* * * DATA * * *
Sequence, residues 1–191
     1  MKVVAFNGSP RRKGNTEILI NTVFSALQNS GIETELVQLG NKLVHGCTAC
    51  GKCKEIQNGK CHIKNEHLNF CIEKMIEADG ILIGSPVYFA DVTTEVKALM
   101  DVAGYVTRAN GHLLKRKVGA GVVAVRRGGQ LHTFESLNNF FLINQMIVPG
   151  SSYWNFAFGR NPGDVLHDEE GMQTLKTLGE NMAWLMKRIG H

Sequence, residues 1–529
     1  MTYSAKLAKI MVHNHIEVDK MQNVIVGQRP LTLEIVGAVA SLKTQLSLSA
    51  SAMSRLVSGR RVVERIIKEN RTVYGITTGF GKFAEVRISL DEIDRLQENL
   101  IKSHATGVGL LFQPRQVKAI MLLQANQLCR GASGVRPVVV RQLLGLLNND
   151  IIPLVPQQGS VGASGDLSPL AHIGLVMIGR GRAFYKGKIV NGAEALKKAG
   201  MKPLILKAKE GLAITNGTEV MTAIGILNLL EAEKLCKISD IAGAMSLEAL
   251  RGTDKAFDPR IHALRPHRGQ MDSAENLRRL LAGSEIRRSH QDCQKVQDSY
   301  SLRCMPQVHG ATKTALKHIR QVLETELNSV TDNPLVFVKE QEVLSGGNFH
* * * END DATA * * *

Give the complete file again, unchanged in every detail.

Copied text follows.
Sequence, residues 1–191
     1  MKVVAFNGSP RRKGNTEILI NTVFSALQNS GIETELVQLG NKLVHGCTAC
    51  GKCKEIQNGK CHIKNEHLNF CIEKMIEADG ILIGSPVYFA DVTTEVKALM
   101  DVAGYVTRAN GHLLKRKVGA GVVAVRRGGQ LHTFESLNNF FLINQMIVPG
   151  SSYWNFAFGR NPGDVLHDEE GMQTLKTLGE NMAWLMKRIG H

Sequence, residues 1–529
     1  MTYSAKLAKI MVHNHIEVDK MQNVIVGQRP LTLEIVGAVA SLKTQLSLSA
    51  SAMSRLVSGR RVVERIIKEN RTVYGITTGF GKFAEVRISL DEIDRLQENL
   101  IKSHATGVGL LFQPRQVKAI MLLQANQLCR GASGVRPVVV RQLLGLLNND
   151  IIPLVPQQGS VGASGDLSPL AHIGLVMIGR GRAFYKGKIV NGAEALKKAG
   201  MKPLILKAKE GLAITNGTEV MTAIGILNLL EAEKLCKISD IAGAMSLEAL
   251  RGTDKAFDPR IHALRPHRGQ MDSAENLRRL LAGSEIRRSH QDCQKVQDSY
   301  SLRCMPQVHG ATKTALKHIR QVLETELNSV TDNPLVFVKE QEVLSGGNFH